Selecting the right network termination scheme for a FlexRay design - Embedded.com

Selecting the right network termination scheme for a FlexRay design

When the FlexRay Consortiumwas founded in 2000, the target was to develop a fault toleranthighspeed automotive bus-system for the future requirements ofin-vehicle communication.

The amount of electronic controlunits (ECUs) in light vehicles within the last decade hasdramatically increased. New technologies that address increasingmessage throughput, provide reliable networking structures whileoffering flexibility are required.

Given that FlexRay is intended to be thenext-generation automotivenetworking system, the target is to combine in one standard the bestflexibility, stability, robustness, reliability and dependability.

In 2006 and 2007, FlexRay was introduced successfully into seriesproduction on a first scale and the trend will be rapid growth of newvehicle projects containing FlexRay networks.

FlexRay is designed as a very flexible, high speed and faulttolerant bus-system, which supports real-time operation with embeddedevent triggered functionality.

FlexRay as a networking system in vehicles supports various types ofnetwork topologies at a data rate of 10Mbit/s. In automotive networks,such high bandwidth has not been achieved reliably before on standardunshielded copper cables.

Optical fibres or shielded copper cables, where bandwidths beyond10Mbit/s could be achieved, are unattractive due to high material andcable routing costs.

Flexibility in automotive networks describes the ability to usecertain topologies, combined with different cable length, correctlyterminated. FlexRay is designed to combine three network types in ahybrid network: passive line networks, passive star networks and activestar networks.

Passive networks are a challenge because of the correct applicationof network termination. FlexRay nodes connected to an active starshould always be low ohmic terminated.

However, 100 percent termination of every node in a passive networkdoes not easily support network expansion and makes it difficult tofulfill the DC bus load requirements.

Termination concepts forbid impedance steps along the line, whichwill happen by adding termination resistors in the transmission line(impedance leveling).

Right ending
In passive networks, termination needs to be applied at the two nodesthat are the longest wiring distance apart. It is calculated as equalto the nominal cable impedance between the two points.

The best-recommended termination concept for FlexRay networks issplit termination, whereby onehalf of the cable impedance to ground isconnected between the two bus lines. Furthermore, a common mode choke(CMC) should be applied between bus driver and termination circuitry.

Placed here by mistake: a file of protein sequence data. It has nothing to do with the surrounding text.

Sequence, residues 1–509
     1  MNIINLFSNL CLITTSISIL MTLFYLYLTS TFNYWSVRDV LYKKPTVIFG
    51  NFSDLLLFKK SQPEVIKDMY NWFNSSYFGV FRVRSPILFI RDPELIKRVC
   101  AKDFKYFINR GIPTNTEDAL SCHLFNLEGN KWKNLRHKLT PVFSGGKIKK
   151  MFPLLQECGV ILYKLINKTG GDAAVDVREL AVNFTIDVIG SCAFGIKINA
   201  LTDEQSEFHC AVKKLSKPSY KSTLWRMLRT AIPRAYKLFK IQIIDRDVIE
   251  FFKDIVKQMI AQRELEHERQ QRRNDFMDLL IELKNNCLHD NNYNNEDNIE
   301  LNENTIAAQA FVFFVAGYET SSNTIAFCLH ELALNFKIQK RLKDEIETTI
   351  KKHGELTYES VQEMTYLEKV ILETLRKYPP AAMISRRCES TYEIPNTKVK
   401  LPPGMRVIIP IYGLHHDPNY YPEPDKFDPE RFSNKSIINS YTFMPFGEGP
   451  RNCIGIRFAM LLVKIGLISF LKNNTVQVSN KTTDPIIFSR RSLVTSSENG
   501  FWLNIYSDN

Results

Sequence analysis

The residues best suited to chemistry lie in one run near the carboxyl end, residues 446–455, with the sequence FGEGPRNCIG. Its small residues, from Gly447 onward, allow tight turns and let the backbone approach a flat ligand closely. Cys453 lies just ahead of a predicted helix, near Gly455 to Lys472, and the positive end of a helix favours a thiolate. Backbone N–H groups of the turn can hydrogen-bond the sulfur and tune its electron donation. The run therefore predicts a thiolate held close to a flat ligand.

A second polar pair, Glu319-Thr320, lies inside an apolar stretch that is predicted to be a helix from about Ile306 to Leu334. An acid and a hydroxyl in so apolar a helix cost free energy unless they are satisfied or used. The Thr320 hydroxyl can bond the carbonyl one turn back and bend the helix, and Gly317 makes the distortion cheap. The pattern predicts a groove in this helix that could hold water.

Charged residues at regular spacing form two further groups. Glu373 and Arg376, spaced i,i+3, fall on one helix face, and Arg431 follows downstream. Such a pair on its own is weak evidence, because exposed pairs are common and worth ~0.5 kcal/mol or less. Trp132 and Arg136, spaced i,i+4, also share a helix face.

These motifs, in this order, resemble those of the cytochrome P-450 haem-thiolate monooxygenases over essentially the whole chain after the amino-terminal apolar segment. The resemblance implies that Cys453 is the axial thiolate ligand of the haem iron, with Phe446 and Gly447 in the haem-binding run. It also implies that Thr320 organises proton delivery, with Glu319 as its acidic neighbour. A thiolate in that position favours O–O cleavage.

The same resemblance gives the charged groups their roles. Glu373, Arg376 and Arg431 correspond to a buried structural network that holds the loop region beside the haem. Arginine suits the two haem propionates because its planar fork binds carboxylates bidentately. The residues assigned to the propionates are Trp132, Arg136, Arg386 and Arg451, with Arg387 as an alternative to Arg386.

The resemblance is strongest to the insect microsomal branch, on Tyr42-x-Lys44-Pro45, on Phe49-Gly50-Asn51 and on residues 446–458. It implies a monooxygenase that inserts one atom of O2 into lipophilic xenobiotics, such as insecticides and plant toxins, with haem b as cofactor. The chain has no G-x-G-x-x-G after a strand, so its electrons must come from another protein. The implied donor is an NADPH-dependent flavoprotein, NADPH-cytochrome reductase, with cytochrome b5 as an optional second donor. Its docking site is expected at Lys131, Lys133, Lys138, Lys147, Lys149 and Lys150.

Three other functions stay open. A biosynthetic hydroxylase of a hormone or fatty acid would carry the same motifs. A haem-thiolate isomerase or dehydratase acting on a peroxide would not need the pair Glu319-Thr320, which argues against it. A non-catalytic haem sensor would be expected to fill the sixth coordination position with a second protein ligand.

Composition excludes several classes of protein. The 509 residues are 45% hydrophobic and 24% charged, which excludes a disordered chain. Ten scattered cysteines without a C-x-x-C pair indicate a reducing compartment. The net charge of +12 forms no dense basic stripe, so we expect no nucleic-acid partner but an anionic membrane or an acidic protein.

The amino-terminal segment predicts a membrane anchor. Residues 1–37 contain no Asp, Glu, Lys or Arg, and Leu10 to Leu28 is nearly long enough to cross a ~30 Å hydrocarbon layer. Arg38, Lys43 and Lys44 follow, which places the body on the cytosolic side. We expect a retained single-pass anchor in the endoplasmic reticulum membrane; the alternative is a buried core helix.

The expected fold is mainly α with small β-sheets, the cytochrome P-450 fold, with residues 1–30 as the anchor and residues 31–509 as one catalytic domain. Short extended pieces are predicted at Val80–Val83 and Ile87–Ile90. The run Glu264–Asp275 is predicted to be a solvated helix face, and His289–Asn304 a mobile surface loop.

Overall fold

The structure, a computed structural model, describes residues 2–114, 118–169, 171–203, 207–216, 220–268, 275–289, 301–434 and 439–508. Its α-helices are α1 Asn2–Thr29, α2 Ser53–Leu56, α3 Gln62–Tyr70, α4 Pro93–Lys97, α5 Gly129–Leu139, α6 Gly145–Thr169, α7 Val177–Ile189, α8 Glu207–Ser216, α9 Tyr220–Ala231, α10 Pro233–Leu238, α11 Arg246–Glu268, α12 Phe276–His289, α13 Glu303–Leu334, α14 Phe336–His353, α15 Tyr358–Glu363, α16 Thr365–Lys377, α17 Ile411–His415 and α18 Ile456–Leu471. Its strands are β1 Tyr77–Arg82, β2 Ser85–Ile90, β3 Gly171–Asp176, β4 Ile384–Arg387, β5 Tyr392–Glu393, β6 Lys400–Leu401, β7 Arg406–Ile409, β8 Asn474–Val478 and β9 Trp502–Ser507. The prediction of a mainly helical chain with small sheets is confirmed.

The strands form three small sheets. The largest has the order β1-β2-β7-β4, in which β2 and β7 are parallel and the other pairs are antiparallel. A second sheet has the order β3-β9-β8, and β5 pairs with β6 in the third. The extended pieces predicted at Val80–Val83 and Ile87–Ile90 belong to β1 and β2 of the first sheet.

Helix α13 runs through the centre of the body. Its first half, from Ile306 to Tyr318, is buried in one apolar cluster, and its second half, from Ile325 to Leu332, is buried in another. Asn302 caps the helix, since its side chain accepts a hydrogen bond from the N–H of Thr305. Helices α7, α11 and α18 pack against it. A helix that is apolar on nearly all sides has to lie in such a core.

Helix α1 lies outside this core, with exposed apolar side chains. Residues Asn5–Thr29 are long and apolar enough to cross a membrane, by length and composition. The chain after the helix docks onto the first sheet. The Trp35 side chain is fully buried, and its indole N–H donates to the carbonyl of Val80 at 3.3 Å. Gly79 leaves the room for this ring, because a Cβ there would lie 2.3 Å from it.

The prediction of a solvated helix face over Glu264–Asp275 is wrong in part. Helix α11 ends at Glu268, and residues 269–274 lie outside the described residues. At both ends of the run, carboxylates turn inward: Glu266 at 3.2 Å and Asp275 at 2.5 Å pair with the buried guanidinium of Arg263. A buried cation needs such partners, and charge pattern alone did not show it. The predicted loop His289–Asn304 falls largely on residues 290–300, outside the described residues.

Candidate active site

Bus termination, in some cases, contradicts the flexibility demandsof a network because flexibility implies on-demand insertion or removalof network nodes. The pre-calculated nominal impedance prior to nodeexpansion or contraction may have to change afterwards to preserveoverall network integrity.

It is recommended to use active star connections only for expandingor contracting a system, but even this requires initial design input toguarantee the desired flexibility of the active star. In many cases,costs of the base structure limits design and flexibility. On the otherhand, tar- geting for best flexibility will limit the stability of anetwork.

Challenging task
Designing a FlexRay node is a challenge. ECUs are developed forspecific applications and are provided by different suppliers. Re-useof ECUs is achieved by defining vehicle platforms with dedicated ECUsfor applications.

However, this means that ECUs in one network look different and havedifferent behaviors not only in terms of functionality, but alsobecause of secondary effects. These secondary effects need to beconsidered in the design of a FlexRay node to guarantee designfunctionality.

The main functional blocks on a typical ECU are MCU, memory, sensorinterface, bus system interface and peripherals for power supply,protection and supervisory circuits.

In general, MCUs are not placed side by side with the connectors.The bus system interfaces on the other hand should be placed in closevicinity with the connector pins. In the case of FlexRay, a nodeconsists of an MCU, the FlexRay communication controller (standalone orintegrated in the MCU) and the FlexRay bus driver (also called FlexRaytransceiver).

The electrical distances between the FlexRay communicationcontroller and the bus driver can be up to 15cm long on the PCB. Theinterface between the FlexRay communication controller and the FlexRaybus transceiver consists of two unidirectional wires (transmit dataline, receive data line) both running at 10Mbit/s.

The design of the PCB needs to ensure that disturbances on thisinterface do not harm the entire communication path. Output and inputimpedance of the devices need to match the wire impedance on the PCB,and the outputs needs to be capable of driving a certain speci- fiedworst-case load, whereby all device parameters need to be held withinthe FlexRay specified parameter range.

One of the difficulties in designing a FlexRay node is ensuring thatthe critical parameters for FlexRay are not violated. The currentFlexRay specification cannot address all the system parameters, and sothe target is to specify measurable parameters on device level.

Therefore, the designer gets additional responsibility whendesigning a FlexRay node, as the node might work without restrictionsduring ECU validation, but not work in the network constellation.

In other words, the design of the FlexRay node has a major effect onthe remaining system margin when operational. In the automotive world,stringent environmental conditions are given within which the functionhas to be guaranteed.

Figure1: The components on the FlexRay communication path have directinfluence on system behavior.

Critical parameters